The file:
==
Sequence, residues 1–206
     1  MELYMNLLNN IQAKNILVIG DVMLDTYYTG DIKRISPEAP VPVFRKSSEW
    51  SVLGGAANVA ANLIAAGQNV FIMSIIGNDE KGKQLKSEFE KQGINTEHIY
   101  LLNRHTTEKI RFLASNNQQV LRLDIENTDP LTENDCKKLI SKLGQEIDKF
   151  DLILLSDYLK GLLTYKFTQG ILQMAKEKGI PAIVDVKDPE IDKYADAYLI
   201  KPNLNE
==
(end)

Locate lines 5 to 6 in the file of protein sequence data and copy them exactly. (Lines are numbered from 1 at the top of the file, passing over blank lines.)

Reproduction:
   151  DLILLSDYLK GLLTYKFTQG ILQMAKEKGI PAIVDVKDPE IDKYADAYLI
   201  KPNLNE